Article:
BANGOR – Despite a much closer race than anticipated, the citizen referendum to ban bear baiting was headed to a narrow defeat. Seven hours after the polls closed Tuesday night, the margin of victory on Question 2 had widened to 6 percent.
With 87 percent of precincts reporting at 2:45 a.m. Wednesday, the official 53 percent “no” to 47 percent “yes” tally indicated that opponents of the ban had pulled ahead permanently. Voters in nine mostly rural counties were opposing the measure overwhelmingly, while more southern and coastal parts of the state were almost evenly divided. Voters within Portland city limits gave the ban strong support.
Exit polling in 70 communities around the state had predicted the north-south split along congressional district boundaries, as well as following partisan lines, with 65 percent of Republicans opposing the ban and 60 percent of Democrats voting yes.
Question 2 asked Mainers to ban three types of bear hunting – baiting bears, often with stale pastries, then shooting them while they feed; chasing bears with packs of hounds; and shooting bears restrained by traps.
Maine Citizens for Fair Bear Hunting has spent the past year trying to convince voters that the methods are cruel and unnecessary. However, the state Department of Inland Fisheries and Wildlife, Gov. John Baldacci and a coalition of hunting groups called Maine’s Fish and Wildlife Conservation Council worked to defeat the ban, predicting economic ruin for northern Maine and burgeoning bear populations putting families at risk.
By Election Day, more than $2 million had been raised to fight the campaign, primarily in television ads that reached an emotional fervor in recent weeks. Information about the complex issue was abundant, if not always accurate.
Early polls conducted by the Humane Society of the United States suggested that as many as 70 percent of Mainers opposed baiting, but over the past year, that advantage evaporated. As recently as last week, polls suggested that “No on 2″ forces held a comfortable, though dwindling, lead.
Both camps settled in for a long night.
“It’s nerve-wracking, to say the least,” said Bob Fisk, spokesman for Maine Citizens for Fair Bear Hunting, speaking from his Falmouth headquarters where about 100 people had gathered to watch the election returns early in the evening. However, the group had closed its doors and stopped taking telephone calls while several southern Maine towns still were in play.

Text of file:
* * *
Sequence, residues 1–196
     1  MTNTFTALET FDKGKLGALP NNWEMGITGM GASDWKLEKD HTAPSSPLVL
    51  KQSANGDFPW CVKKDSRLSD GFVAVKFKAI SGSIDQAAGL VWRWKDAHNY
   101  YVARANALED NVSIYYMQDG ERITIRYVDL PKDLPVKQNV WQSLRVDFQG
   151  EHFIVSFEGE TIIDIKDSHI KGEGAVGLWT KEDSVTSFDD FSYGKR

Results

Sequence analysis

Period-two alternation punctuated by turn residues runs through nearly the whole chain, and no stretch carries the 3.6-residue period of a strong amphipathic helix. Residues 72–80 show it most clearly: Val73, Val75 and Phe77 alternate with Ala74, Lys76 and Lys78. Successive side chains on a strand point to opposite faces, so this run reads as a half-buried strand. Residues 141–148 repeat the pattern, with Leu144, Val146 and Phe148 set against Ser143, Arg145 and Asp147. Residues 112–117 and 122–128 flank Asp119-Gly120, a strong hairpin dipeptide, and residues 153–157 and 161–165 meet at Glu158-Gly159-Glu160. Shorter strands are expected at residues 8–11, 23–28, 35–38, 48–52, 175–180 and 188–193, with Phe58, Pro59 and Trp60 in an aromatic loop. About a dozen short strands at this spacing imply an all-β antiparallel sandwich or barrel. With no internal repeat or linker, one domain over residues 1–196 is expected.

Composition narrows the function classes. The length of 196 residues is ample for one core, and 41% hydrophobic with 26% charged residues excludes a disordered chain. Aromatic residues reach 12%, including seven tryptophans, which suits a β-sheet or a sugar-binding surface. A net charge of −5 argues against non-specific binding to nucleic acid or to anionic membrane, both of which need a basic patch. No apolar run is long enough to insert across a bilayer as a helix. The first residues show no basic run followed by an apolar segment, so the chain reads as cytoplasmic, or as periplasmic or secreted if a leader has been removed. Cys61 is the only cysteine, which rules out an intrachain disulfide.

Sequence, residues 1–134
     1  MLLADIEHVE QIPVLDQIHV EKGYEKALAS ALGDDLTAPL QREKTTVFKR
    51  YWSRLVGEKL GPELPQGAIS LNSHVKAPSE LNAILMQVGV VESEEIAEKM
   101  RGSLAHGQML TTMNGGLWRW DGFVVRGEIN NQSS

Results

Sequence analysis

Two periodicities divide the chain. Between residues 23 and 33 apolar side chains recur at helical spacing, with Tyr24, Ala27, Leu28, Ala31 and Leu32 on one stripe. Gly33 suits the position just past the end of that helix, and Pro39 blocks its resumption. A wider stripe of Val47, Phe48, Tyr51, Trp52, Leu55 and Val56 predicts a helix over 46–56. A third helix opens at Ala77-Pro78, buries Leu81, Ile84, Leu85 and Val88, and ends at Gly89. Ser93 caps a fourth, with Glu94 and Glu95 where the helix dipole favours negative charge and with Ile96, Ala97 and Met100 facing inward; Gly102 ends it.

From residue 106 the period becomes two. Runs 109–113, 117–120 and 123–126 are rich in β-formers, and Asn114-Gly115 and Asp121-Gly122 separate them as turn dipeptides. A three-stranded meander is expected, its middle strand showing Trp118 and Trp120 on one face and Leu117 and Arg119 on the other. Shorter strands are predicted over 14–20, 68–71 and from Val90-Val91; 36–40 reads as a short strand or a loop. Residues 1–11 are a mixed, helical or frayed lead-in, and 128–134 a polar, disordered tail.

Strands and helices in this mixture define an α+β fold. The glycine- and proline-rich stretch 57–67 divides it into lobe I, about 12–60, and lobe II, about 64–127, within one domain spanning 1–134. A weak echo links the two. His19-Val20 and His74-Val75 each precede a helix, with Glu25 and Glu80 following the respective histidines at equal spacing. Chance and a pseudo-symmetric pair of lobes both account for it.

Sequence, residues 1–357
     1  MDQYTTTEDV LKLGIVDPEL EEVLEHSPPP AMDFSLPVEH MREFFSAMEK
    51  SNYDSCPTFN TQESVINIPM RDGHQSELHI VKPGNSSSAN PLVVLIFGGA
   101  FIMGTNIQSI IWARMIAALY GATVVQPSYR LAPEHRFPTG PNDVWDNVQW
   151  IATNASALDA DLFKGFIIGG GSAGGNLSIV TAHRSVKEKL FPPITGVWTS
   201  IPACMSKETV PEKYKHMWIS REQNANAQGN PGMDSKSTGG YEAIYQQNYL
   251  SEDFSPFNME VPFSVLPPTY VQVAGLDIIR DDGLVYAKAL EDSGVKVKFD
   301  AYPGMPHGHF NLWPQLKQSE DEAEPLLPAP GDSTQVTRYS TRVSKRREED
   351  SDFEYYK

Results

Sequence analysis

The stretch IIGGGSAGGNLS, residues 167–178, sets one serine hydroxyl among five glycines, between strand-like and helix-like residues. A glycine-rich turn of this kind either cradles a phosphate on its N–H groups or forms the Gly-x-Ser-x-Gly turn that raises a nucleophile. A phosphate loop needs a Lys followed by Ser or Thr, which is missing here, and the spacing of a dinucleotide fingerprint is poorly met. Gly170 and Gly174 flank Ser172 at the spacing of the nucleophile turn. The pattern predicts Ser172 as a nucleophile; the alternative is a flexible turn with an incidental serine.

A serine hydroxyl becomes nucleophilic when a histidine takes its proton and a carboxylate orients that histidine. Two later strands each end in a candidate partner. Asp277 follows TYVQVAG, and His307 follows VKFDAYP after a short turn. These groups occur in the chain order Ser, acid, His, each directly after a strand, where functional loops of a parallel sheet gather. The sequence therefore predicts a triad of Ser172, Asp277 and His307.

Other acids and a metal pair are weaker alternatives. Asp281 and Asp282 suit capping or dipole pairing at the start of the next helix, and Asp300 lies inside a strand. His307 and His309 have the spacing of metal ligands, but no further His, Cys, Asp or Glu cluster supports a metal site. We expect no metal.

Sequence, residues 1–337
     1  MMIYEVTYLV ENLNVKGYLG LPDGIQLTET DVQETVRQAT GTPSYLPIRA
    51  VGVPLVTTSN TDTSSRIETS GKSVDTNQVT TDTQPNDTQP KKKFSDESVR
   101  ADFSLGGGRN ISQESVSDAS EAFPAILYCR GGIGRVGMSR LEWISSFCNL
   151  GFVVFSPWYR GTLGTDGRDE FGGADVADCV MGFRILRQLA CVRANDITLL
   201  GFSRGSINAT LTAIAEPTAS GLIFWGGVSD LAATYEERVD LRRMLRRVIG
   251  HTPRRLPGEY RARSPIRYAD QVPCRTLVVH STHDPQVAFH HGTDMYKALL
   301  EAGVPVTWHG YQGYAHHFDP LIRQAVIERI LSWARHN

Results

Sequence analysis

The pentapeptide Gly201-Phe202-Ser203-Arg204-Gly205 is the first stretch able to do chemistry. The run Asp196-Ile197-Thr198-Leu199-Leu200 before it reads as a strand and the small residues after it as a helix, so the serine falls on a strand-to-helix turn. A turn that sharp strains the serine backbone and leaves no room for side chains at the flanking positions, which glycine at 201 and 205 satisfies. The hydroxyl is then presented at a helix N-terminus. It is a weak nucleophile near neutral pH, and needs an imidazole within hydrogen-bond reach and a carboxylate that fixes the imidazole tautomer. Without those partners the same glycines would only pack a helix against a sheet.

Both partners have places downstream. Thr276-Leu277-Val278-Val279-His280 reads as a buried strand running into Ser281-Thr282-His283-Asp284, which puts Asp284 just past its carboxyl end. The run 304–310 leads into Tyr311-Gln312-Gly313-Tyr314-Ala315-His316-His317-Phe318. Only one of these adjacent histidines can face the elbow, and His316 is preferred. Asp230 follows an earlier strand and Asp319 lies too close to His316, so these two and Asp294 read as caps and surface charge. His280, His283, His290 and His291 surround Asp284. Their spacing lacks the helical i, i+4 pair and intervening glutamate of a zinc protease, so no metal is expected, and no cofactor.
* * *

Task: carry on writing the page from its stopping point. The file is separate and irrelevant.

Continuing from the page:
About 35 people remained at a Brewer gathering for referendum opponents to celebrate what seemed to be a clear victory at about 2:30 a.m., council spokeswoman Edie Leary said early Wednesday morning.
Leary credited the victory to high turnouts among the core voters in northern and western Maine who had opposed the referendum from the beginning.
“People decided to respect Maine’s hunting heritage,” she said. “They don’t believe a question like this belongs on the ballot.”
The six-point margin wasn’t a surprise, matching predictions made by the group’s internal polls late last week, Leary said.
“Everything we’d heard was that it would go down to the wire,” added Mark Latti, spokesman for DIF&W.
Latti saw the vote as a validation of the state’s scientists and DIF&W’s bear management policies. However, the closeness of the election sent the state a message that citizen involvement in wildlife policymaking must continue, he said early Wednesday morning.
Division over the bear referendum made its way into the booth Tuesday, as many voters were torn, wishing they could consider the three hunting methods separately, according to an informal survey of voters at a Bangor precinct Tuesday afternoon.
Trapping, as depicted in heart-wrenching advertisements by pro-referendum groups in recent weeks, drew the most opposition, with several “yes” voters in Bangor citing the fact that Maine is the only state to allow the practice as the major impetus for their decision.
But others voted against the triple ban to protect the pieces important to them. Russell Bragg opposes the use of dogs and traps but believes that baiting can be done responsibly, while Tony Margaronis opposes trapping but wants to protect the sport of hunting with dogs. It’s all about how the hunter practices his sport, the men said.
As fellow “no” voter Kim Douglas put it, “We should be out trying to get the people who are doing things wrong, not penalizing those who do it right.”
Douglas was among the few who said the predicted economic impact affected her vote. “The state has lost so much business and revenue, and I was convinced that this would be yet another blow,” she said.
Far more voters spoke of their fear that bears could prove dangerous if populations increase.
“I wouldn’t want to see us overrun with bear,” said Rita Yardley.
But a surprisingly high number of their fellow Bangor voters said the cruelty argument resonated the strongest.
“We have to find a more humane way,” said Angela Powell.
Catharine Cavanaugh felt strongly about the cruelty issue and voted for the ban. But like most Mainers, she will be glad to see the close of the campaign, with its nonstop television image of a bear bleating in pain, desperate to escape a trap.
“I hope I never ever have to see that commercial again,” she said.
Voters in Alaska, too, defeated a referendum to ban bear baiting Tuesday, according to early returns compiled by the Anchorage Daily News.
Earlier versions of this article ran in the State and Coastal editions.